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9 reasons to use Gridsome for your next Vue application

9 reasons to use Gridsome for your next Vue application

Jose Garrido
Jose Garrido
April 24th 2020

What is Gridsome?

Gridsome is an open source VueJS framework used for building static generated sites. The main focus of Gridsome is that the final website will always be fast, really fast. This is achieved by adding performant features such as code splitting, asset optimization, progressive images, and link prefetching by default. With a Gridsome website you’ll get almost perfect page speed scores which is very important for SEO purposes and user experience nowadays.

You can think of a Gridsome website as a regular Vue application but when it’s time to deploy it, you are actually uploading static HTML files that encapsulates all the Vue logic you have created. This makes the site fast, scalable, easily deployable and indexable by search engines.

Now these are the 9 reasons to use Gridsome in your next project!

1. Serverless / Static Generated

By now you might have heard of something called JAMstack. If not, let me give you a short explanation: JAMstack is short for JavaScript, APIs, and Markup. JAMstack is not a specific framework, language or technology; it’s instead a different way of building websites that provides better performance, increased security and reduces costs and complexity in your development stack. This is achieved by generating static files that don’t need a server or a backend like JS, PHP, Ruby or Python to be served; it’s just HTML files deployed and that’s what your users see: static pages with all your content already in them.

Gridsome generates websites using the JAMstack philosophy. The final product is a folder containing static HTML files that you can deploy anywhere. You can put it in the /public_html folder of your server or deploy it to a CDN. This is called a static generated site 💡

2. Easy to install

Gridsome comes with a CLI, which is a command line tool that helps you create projects effortlessly. You only need to install it globally once and then it works for every project you want to create in the future.

npm install --global @gridsome/cli

Once that’s installed you have access to the gridsome command in your console anytime from anywhere in your system 🙂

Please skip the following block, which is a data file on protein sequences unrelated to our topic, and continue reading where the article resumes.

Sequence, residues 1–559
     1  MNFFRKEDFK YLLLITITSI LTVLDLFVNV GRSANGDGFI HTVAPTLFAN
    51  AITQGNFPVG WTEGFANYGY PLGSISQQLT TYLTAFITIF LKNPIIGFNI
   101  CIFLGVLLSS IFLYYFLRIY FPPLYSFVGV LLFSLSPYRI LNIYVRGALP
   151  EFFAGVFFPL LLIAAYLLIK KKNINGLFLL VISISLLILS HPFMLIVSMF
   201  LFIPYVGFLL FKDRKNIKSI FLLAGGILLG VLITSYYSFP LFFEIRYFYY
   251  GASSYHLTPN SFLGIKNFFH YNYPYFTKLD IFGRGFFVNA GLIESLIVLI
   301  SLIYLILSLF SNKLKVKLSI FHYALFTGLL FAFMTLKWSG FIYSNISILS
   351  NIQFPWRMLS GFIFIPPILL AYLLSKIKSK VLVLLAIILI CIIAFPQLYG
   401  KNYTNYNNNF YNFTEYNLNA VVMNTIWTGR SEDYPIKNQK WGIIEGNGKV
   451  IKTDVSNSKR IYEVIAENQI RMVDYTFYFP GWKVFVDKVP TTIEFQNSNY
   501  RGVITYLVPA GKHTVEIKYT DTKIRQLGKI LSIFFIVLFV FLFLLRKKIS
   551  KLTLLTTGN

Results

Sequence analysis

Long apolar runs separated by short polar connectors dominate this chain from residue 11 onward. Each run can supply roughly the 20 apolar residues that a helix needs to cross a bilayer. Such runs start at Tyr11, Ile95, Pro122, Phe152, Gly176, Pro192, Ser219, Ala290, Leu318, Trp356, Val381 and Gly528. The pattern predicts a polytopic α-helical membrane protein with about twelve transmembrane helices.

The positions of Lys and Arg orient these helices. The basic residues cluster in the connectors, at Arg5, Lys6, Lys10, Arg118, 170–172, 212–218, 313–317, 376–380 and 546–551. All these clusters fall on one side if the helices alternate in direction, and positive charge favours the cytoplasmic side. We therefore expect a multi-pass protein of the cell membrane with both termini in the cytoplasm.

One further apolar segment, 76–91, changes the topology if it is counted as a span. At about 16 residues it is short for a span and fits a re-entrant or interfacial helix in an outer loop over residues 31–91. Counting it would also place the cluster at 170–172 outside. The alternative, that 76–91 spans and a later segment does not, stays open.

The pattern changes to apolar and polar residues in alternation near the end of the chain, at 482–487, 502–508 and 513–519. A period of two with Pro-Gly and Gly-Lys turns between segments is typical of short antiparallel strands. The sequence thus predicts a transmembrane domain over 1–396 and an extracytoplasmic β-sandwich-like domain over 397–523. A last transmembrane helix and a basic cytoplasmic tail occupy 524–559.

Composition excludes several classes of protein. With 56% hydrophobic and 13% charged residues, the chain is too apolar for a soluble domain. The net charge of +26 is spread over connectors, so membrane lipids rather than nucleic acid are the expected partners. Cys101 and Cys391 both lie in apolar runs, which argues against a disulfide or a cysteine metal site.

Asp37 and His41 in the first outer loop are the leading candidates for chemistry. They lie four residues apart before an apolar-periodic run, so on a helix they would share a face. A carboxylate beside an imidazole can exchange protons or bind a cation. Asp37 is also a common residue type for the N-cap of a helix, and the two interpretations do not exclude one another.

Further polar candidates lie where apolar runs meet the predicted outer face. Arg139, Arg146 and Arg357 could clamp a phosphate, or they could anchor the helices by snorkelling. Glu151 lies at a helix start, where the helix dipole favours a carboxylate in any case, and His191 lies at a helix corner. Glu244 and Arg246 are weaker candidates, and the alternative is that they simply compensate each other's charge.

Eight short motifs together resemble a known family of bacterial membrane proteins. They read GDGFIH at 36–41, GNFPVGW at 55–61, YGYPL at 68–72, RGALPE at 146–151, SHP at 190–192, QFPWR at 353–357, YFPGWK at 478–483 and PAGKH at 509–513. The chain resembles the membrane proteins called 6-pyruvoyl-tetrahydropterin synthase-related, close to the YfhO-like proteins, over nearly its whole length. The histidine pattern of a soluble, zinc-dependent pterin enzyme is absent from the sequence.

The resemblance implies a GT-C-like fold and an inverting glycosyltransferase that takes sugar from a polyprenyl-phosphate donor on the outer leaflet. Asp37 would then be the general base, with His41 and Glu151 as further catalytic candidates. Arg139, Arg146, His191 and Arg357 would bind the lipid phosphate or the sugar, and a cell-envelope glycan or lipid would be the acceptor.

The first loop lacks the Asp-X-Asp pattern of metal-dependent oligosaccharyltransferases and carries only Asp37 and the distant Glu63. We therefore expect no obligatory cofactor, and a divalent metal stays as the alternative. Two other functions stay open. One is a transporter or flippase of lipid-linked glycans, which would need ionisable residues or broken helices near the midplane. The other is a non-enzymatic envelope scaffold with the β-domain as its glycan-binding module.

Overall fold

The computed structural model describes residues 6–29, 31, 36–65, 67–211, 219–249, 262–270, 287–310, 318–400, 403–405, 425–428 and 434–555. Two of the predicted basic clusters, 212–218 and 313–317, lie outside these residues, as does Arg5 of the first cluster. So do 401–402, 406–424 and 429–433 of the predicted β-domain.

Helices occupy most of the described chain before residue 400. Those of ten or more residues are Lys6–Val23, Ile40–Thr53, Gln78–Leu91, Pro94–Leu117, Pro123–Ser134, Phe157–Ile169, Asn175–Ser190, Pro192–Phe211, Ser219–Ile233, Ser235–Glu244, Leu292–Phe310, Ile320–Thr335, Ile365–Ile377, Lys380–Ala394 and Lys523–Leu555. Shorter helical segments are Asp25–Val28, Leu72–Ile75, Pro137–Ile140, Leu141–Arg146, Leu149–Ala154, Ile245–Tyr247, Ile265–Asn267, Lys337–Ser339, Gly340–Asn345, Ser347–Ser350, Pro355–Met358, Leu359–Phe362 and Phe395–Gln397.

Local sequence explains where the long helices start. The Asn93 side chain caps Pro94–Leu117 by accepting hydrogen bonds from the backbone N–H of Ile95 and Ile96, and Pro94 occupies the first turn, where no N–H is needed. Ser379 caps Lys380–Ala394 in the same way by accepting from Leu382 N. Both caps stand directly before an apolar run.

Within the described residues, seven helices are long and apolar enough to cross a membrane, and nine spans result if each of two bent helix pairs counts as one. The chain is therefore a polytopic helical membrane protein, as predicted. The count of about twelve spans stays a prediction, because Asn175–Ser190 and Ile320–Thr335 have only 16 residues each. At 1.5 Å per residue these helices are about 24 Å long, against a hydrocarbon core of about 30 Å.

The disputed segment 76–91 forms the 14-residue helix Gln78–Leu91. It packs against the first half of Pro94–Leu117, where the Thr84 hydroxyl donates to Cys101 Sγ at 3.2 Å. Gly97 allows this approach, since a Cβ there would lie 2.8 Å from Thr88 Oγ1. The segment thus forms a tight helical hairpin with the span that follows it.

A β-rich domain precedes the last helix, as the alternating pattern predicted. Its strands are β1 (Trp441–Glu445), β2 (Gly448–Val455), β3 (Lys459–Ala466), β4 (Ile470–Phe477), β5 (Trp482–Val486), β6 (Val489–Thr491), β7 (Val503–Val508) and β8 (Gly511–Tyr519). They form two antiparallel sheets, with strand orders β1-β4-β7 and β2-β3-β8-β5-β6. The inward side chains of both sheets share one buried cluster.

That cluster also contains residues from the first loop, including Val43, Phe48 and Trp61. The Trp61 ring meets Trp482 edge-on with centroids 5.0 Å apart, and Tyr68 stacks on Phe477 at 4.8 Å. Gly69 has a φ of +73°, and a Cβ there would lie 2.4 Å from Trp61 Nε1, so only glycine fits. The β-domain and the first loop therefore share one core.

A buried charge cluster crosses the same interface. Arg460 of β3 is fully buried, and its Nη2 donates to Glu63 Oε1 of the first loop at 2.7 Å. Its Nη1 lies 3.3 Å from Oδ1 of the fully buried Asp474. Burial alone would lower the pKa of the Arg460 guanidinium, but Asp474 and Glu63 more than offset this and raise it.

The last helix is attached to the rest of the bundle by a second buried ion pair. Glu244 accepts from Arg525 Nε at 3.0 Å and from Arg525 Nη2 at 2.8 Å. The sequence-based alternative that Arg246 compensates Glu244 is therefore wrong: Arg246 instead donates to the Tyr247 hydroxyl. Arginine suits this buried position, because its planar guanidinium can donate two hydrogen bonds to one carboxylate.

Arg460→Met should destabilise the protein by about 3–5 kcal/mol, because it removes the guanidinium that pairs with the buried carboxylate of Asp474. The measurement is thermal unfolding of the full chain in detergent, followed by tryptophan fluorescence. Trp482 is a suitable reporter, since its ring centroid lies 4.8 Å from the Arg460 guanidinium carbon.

3. Easy to create projects

Now that you have the gridsome-cli installed in your system, you can create a Gridsome project from anywhere using the following command:

gridsome create awesome-blog

Creating a Gridsome project

This command creates an awesome-blog folder containing all the necessary files to run your website. Now you can just cd into that folder doing cd awesome-blog and run gridsome developto start your local development server. Once that’s done you should be able to go to http://localhost:8080/ and see your first Gridsome website live 🚀

Default starter Gridsome website

4. Organized project structure

Now with your favorite IDE, let’s open the awesome-blog folder Gridsome generated for us and explore what’s inside. It looks similar to a normal Vue project but it has a couple special files and a convenient folder structure we are going to explain with more detail:

Gridsome configuration files

Gridsome file structure

The gridsome.config.js file has the basic configuration of your website. Most of the configurations are optional but you can find values for the title seen in your browser window, the URL, site description and icon, css options, plugins and other options described with more detail in the Project Configuration docs.

The gridsome.server.js file holds configuration for consuming data from external sources. But you don’t need to worry about this file until later on the series when we work with more advanced features. If you are curious and want to learn more check out the Server API docs.


Layouts in Gridsome are Vue components where you write code that’s shared among many pages to avoid repetition. Things like a header, footer, navbar or sidebar are commonly placed in Layouts and included from pages to extend these elements automatically. Layouts are placed in the /src/layouts folder. By default Gridsome creates a Default.vue Layout which is imported on every page if you don’t specify a custom one. You can see this in the /src/main.js file:

Gridsome imports the Default Layout and uses it automatically for each page. You can create your own one and change the import here to use it instead. Or just modify the existing Default layout too 🙂